Instead, low-ranking ninjas were villagers and farmers who learned to fight by any means necessary for their own self-preservation, including the use of stealth and poison to carry out assassinations.

As a result, the most famous ninja strongholds were the Iga and Koga Provinces, mostly known for their rural farmlands and quiet villages.

Women also served in ninja combat. Female ninja, or kunoichi, infiltrated enemy castles in the guise of dancers, concubines or servants who were highly successful spies and sometimes even acted as assassins as well.

Samurai Use of the Ninja

The samurai lords could not always prevail in open warfare, but they were constrained by bushido, so they often hired ninjas to do their dirty work — secrets could be spied out, opponents assassinated, or misinformation planted, all without sullying a samurai's honor.

This system also transferred wealth to the lower classes, as the ninja were paid handsomely for their work. Of course, a samurai's enemies could also hire ninja, and as a result, the samurai needed, despised, and feared the ninja — in equal measure.

The ninja "high man," or jonin, gave orders to the chunin, "middle man," who passed them on to the genin, or the ordinary ninja. This hierarchy was also, unfortunately, based on the class the ninja had come from before training, but it wasn't uncommon for a skilled ninja to ascend the ranks well beyond his or her social class.

The Rise and Fall of the Ninja

The ninja came into their own during the tumultuous era between 1336 and 1600, where an atmosphere of constant war, ninja skills were essential for all sides, playing a key role in the Nanbukucho Wars (1336 - 1392), the Onin War (1460s), and even through the Sengoku Jidai, or "Warring States Period" — where they aided samurai in their internal power struggles.

The ninja were also an important tool during the Sengoku Period (1467 - 1568) but also a destabilizing influence. When war-lord Oda Nobunaga emerged as the strongest daimyo and began to reunite Japan in 1551 to 1582, he saw the ninja strongholds at Iga and Koga as a threat, but despite quickly defeating and co-opting the Koga ninja forces, Nobunaga had more trouble with Iga.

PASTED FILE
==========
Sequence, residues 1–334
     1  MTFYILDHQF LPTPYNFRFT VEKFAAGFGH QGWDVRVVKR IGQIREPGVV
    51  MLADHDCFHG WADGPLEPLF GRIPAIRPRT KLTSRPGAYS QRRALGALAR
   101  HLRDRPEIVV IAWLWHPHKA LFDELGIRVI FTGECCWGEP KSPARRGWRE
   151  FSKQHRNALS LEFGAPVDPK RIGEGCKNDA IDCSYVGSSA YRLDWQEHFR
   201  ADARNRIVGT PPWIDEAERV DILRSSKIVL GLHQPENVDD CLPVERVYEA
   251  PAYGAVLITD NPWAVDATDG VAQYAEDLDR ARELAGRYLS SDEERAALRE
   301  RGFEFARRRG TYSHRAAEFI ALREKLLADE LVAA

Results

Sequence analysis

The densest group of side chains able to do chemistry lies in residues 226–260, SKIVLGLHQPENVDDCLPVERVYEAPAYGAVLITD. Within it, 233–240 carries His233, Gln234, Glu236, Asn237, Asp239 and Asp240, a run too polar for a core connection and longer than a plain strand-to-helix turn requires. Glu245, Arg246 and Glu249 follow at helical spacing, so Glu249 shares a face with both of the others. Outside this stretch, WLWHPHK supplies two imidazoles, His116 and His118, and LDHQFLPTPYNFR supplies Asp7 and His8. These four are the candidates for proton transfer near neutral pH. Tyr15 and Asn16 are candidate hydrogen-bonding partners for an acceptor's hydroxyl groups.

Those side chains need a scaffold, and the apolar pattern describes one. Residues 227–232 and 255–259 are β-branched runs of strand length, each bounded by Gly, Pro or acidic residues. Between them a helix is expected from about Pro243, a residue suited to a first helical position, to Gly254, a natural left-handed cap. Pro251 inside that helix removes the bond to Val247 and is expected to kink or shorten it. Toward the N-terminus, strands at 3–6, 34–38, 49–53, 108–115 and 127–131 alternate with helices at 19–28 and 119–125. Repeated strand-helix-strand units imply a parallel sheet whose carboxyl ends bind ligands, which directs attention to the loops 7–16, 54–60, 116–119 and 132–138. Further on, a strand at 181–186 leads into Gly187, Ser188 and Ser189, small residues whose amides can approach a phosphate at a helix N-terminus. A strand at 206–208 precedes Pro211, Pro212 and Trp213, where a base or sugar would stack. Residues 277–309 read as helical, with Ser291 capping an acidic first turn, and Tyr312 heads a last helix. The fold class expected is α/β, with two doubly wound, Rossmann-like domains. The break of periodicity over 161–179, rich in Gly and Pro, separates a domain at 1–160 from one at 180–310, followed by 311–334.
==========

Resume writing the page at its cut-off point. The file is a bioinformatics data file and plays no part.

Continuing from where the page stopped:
In what would later be called the "Iga Revolt" or Iga No Run, Nobunaga attacked the ninja of Iga with an overwhelming force of more than 40,000 men. Nobunaga's lightning-quick attack on Iga forced the ninja to fight open battles, and as a result, they were defeated and scattered to nearby provinces or the mountains of Kii.

While their power-base was destroyed, the ninja did not vanish entirely. Some went into the service of Tokugawa Ieyasu, who later became shogun in 1603, but the much-reduced ninja continued to serve both sides in struggles. In one famous incident from 1600, a ninja sneaked through a group of Tokugawa's defenders at Hataya castle and planted the flag of the besieging army high on the front gate!

The Edo Period under the Tokugawa Shogunate from 1603 to 1868 brought stability and peace to Japan, bringing the ninja story to a close. Ninja skills and legends survived, though, and were embellished to enliven the movies, games and comic books of today.